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Global Disability Innovation (GDI) Hub at UCL Awarded £10m to Widen Accessibility of Assistive Technology

July 25, 2018

The funding will support the AT:2030 programme, which consists of six projects:

  • Publish a framework of interventions including a global target / measurement to understand return on investment (led by UCL)
  • An Innovation Hub based in east Africa led by the Government of Kenya and the University of Nairobi, and a fund to test and trial new ideas (led by GDI)
  • A pilot programme of market-shaping activity based on other successful healthcare technology interventions (led by Clinton Health Access Initiative)
  • Systems innovation, policy, standards and advocacy (led by the World Health Organisation)
  • Build the capacity and community participation of AT users (led by UCL with Leonard Cheshire)
  • ATScale; supporting the development of a global partnership on AT (led by GDI with ATScale)

The overall mission of the AT:2030 programme is to achieve at least:

  • 10 disruptive technologies with potential for life-changing impact technologies
  • Three million people with access to assistive technologies
  • Six innovative service delivery models
  • 30 new start-ups
  • Doubling initial investment
  • New methodologies for market shaping

Victoria Austin, AT:2030 Director and GDI Director of Strategy & Partnerships, said: ”This is exactly the type of programme we envisaged when we established GDI as a lasting legacy to London 2012. Working with a team of experts from across the world, AT:2030 will build on the approach to disability innovation developed during the 2012 Games.”

AT:2030 was announced by the Secretary of State for International Development, the Rt. Hon Penny Mordaunt MP, in sign language as DfID hosts its first Global Disability Summit. This is a call to action to address the ‘global injustice’ of discrimination against disabled people, calling on international partners to tackle prejudice. The Summit is co-hosted by the Government of Kenya and the International Disability Alliance (IDA).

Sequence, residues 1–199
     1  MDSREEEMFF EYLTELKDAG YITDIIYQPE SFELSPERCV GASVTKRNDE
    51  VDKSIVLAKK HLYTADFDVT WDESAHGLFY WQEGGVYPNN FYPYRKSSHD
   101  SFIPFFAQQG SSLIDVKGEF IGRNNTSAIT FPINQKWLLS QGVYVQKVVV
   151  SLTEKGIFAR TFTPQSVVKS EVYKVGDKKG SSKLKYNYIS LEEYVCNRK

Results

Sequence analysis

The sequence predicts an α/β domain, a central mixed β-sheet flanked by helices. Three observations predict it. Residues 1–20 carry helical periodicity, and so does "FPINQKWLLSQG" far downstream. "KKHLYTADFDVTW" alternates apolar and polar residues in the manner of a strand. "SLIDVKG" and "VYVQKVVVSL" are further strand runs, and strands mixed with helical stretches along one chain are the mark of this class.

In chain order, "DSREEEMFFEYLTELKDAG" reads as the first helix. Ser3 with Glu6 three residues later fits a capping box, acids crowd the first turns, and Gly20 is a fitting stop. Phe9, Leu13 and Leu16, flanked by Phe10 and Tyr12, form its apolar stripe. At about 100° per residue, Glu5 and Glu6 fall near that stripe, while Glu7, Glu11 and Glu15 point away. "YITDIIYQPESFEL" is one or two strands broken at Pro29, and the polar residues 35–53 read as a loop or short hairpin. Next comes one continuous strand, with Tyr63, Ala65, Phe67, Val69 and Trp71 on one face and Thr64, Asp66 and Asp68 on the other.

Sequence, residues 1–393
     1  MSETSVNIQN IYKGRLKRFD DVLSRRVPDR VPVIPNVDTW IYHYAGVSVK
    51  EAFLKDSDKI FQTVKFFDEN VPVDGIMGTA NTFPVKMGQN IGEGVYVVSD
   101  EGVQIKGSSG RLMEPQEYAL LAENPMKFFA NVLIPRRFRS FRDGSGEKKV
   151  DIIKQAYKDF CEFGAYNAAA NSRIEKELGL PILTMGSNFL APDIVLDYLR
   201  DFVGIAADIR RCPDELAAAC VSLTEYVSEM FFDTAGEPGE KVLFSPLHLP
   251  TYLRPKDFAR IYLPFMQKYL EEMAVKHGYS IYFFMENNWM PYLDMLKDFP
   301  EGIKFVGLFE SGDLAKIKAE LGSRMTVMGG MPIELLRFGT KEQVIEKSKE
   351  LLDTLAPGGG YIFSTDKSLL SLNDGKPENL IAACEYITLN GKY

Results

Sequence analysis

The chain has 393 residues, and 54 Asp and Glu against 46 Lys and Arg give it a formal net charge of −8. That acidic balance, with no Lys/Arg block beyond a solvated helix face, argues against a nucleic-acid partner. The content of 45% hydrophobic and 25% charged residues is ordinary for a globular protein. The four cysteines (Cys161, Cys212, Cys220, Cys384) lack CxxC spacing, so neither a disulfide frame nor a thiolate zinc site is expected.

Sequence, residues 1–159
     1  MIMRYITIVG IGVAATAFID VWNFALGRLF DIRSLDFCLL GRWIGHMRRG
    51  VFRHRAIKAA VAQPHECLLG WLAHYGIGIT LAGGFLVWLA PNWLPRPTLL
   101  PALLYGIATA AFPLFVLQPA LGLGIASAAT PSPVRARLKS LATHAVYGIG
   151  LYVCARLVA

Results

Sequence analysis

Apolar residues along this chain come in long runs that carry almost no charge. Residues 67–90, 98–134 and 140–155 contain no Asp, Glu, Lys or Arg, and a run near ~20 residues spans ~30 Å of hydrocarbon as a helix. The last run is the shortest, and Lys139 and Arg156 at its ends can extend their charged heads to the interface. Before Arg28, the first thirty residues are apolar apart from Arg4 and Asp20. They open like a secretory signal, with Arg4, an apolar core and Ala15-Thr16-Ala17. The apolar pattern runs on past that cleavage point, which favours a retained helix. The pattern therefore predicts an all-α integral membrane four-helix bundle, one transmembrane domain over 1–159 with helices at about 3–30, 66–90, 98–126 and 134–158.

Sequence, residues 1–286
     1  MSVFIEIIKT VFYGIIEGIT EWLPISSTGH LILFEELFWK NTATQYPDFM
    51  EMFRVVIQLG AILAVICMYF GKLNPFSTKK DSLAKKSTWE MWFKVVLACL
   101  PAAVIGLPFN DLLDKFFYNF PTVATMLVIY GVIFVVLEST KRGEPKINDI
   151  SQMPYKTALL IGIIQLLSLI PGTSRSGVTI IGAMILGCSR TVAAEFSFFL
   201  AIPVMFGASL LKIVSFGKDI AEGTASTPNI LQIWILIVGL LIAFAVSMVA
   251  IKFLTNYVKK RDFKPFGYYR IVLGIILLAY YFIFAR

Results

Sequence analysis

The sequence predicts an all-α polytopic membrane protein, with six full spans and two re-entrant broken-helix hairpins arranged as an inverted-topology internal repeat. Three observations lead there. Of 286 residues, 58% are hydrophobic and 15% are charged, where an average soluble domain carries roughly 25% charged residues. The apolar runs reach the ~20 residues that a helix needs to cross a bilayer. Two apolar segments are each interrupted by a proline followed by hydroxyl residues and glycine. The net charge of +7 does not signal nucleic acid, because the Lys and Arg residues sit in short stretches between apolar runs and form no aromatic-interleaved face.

Dr Catherine Holloway, Academic Director of the GDI Hub and Senior Lecturer at UCL Computer Science said: “GDI Hub embodies all that is great about UCL – ensuring all people have access to opportunity. We are delighted and proud to be working with over 20 partners on this ambitious grant, which is only possible through collaboration, the pushing of interdisciplinary boundaries and the creation of new dialogues.

“We see AT:2030 as a significant milestone in establishing the new discipline of ‘Disability Innovation’ and will enjoy the challenge of exceeding the ambitious targets we have set ourselves.”

The GDI Hub, launched in 2016, was born out the legacy of the London 2012 Paralympic Games and is a leading voice on disability innovation and design, developing solutions with the potential to make a global impact. Currently located at Here East, it is the first UCL East activity on site.

It is led by UCL in collaboration with the London Legacy Development Corporation, London College of Fashion, V&A, Sadler’s Wells, Loughborough University London, Leonard Cheshire and The Helen Hamlyn Centre for Design.

Lord Holmes of Richmond, GDI Hub Chair, said: “The 2012 Paralympic Games demonstrated what is possible when world-class performance is brought together with inclusive design. The GDI Hub has gathered a team of the best in the world to address the global challenge of access to Assistive Technology. The task is huge, but the prize is even greater; now is the time to make AT a reality for everyone!”

This year GDI Hub became part of a €5 million project to develop wheelchairs that can self-navigate in crowds, with Queen Elizabeth Olympic Park being the demonstrator site and a £1.4 million project to develop an affordable body-powered prosthetic.

Next year, GDI Hub will launch a new MSc in Disability, Design and Innovation, with full scholarships for disabled students as it grows a community of disability innovators.

Source: UCL News